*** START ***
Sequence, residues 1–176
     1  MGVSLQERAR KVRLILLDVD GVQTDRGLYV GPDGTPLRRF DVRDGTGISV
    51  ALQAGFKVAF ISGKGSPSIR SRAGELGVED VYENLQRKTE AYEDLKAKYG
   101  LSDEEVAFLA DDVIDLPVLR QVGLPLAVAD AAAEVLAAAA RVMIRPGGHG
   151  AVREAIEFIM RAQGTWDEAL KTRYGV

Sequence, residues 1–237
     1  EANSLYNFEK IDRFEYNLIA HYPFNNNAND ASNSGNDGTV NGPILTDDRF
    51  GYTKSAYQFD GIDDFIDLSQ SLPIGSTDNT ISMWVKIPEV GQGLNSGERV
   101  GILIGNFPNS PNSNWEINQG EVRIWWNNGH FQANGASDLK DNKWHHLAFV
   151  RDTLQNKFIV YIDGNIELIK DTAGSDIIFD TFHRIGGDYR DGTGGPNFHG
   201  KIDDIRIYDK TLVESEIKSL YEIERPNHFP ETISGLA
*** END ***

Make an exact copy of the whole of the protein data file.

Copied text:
Sequence, residues 1–176
     1  MGVSLQERAR KVRLILLDVD GVQTDRGLYV GPDGTPLRRF DVRDGTGISV
    51  ALQAGFKVAF ISGKGSPSIR SRAGELGVED VYENLQRKTE AYEDLKAKYG
   101  LSDEEVAFLA DDVIDLPVLR QVGLPLAVAD AAAEVLAAAA RVMIRPGGHG
   151  AVREAIEFIM RAQGTWDEAL KTRYGV

Sequence, residues 1–237
     1  EANSLYNFEK IDRFEYNLIA HYPFNNNAND ASNSGNDGTV NGPILTDDRF
    51  GYTKSAYQFD GIDDFIDLSQ SLPIGSTDNT ISMWVKIPEV GQGLNSGERV
   101  GILIGNFPNS PNSNWEINQG EVRIWWNNGH FQANGASDLK DNKWHHLAFV
   151  RDTLQNKFIV YIDGNIELIK DTAGSDIIFD TFHRIGGDYR DGTGGPNFHG
   201  KIDDIRIYDK TLVESEIKSL YEIERPNHFP ETISGLA